My professional writing career began in 2005, with an unpaid internship at a startup magazine. I had graduated from college the week before with a degree in English, knowing only that I wanted to write and that this internship would give me that opportunity.
The magazine was small, but the founders had great connections so most of the articles were penned by seasoned journalists. However, there were a few pages of short-form content—100-word stories about trends, news, and top business leaders—that were often assigned to interns.
Having spent the last four years writing 10,000-word essays, I thought this short-form content would be child’s play. Of course, it wasn’t. It’s hard to say a little when you can say so much. But this was how I learned some of my best lessons about storytelling: that adverbs weren’t my friends, that adjectives were my frenemies, and that I didn’t need to share all the important details, just the most interesting ones. After all, I wasn’t writing an encyclopedia entry; I was telling a very short story.
Image attribution: Jan Mellström
These days, online publishing has freed most professional writers from the confines of strict word counts, which is great. We can dig deeper, tell more of the story, better develop our characters, build suspense, and often make greater emotional connections with our audiences.
In fact, long-form content is now generally hailed as the gold standard. Study after study shows that longer stories yield better performance metrics and rank higher on search engines. But those strict word counts were great training—not only in how to be concise but in how to be creative. I’ve often worried that brevity will become a lost art. I’ve wondered how budding writers will learn important lessons about short-form storytelling, and how experienced writers will keep our skills sharp.
Writing this article put those concerns to rest. As I dug into my research about how brands are telling stories on social media, I was reminded that brevity still has its place online. Even better, the most innovative brands aren’t just tweeting about their companies or posting product pics on Instagram. They’re also telling stories—very short stories.
“My mother is a fish.” Those five words were all it took for Vardaman Bundren to tell the story of his mother’s death in William Faulkner’s As I Lay Dying. His father and siblings tell their own (much longer and even weirder) versions of the story, but Vardaman is a young child who doesn’t yet comprehend death. With his family too distracted to offer a proper explanation, he makes a strange connection on his own. He had once seen a dead fish floating in the river. Now his mother’s coffin is floating down the same river. Hence, his mother is a fish.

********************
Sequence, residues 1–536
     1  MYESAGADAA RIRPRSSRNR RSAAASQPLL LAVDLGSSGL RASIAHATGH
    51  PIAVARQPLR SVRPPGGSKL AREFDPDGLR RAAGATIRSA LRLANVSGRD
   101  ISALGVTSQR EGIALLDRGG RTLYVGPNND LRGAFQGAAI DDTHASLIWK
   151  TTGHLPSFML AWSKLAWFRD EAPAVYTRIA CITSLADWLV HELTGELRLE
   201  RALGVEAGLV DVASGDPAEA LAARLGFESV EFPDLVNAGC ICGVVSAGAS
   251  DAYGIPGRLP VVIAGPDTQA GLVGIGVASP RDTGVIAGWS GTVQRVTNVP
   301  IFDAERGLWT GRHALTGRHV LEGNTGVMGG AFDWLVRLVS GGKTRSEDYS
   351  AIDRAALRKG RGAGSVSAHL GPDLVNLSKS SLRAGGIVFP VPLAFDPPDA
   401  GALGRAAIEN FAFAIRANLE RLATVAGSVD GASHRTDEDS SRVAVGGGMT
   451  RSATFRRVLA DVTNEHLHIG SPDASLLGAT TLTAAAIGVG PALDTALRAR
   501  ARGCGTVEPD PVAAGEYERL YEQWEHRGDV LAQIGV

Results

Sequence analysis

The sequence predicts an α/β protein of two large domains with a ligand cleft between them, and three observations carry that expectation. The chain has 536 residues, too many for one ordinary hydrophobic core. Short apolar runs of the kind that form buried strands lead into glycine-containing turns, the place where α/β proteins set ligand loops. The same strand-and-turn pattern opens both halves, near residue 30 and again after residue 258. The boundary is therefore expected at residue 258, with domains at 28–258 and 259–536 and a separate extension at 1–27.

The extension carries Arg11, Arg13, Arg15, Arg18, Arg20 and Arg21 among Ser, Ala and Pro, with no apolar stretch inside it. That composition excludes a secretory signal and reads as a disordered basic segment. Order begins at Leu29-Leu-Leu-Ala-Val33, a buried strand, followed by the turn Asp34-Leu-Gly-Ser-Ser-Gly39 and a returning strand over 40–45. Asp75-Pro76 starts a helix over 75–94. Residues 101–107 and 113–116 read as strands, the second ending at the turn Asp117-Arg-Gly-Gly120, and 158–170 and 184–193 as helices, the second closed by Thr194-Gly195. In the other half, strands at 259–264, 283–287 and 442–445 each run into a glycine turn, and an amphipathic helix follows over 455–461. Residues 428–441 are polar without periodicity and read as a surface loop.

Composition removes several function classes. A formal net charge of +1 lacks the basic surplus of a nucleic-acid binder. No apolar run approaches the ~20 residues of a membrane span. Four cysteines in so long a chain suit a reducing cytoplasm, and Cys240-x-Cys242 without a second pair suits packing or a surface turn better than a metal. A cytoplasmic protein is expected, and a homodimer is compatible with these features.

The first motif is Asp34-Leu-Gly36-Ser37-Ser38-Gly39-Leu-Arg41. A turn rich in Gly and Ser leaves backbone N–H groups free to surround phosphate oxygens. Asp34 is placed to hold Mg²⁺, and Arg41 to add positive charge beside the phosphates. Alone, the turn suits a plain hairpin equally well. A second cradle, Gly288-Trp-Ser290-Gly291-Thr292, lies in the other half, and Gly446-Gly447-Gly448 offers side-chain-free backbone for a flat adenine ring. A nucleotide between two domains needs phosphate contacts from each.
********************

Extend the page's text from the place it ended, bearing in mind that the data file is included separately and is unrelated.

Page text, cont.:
Granted, you need a little context for Vardaman’s story or it sounds like a line from a Dr. Seuss book. But with brand stories, the audience often has enough context already.
Brand storytelling expert Robert McKee put it this way:
“If your marketing is really good, you realize you don’t necessarily need to put all the elements of a story in front of the audience, because the audience’s mind is a story-making mind. If you give them certain elements, they will supply the rest.
For example, Nike tells a story in three words: Just do it. And the story goes like this: I’m a lazy-ass, overweight couch potato, stuffing my face with potato chips. I finally make the decision that I’m going to change my life, and I go out and buy a pair of Nikes, and I try to jog and it hurts like hell. But I keep going, and every day I manage to jog another block farther, and it hurts like hell, until I get to the point where I’m actually losing weight and getting in shape, and I can go farther, and I can do a 5k. My life changes. I feel better, I look better, and I’ve got energy, etc. ‘Just do it’ implies the story of the transformation of the couch potato into an athlete. That’s how brief it can be.”
Thankfully, brand stories don’t have to be that brief. Twitter now allows 280-character tweets, but it’s still challenging to tell such a short story. That’s why most marketers save their brand storytelling efforts for their blogs and websites, and then use social media to drive traffic to that content.
But some brands have found creative ways to tell stories on social media that audiences can enjoy in the moment, with or without clicking through for more information. This strategy doesn’t drive as much traffic, but it does create a more engaging social experience—and according to Skyword’s latest research, top-performing marketers are far more interested in audience growth and sustained engagement than traffic.
Which brands are ahead of the game with social storytelling? And what can we learn from their examples?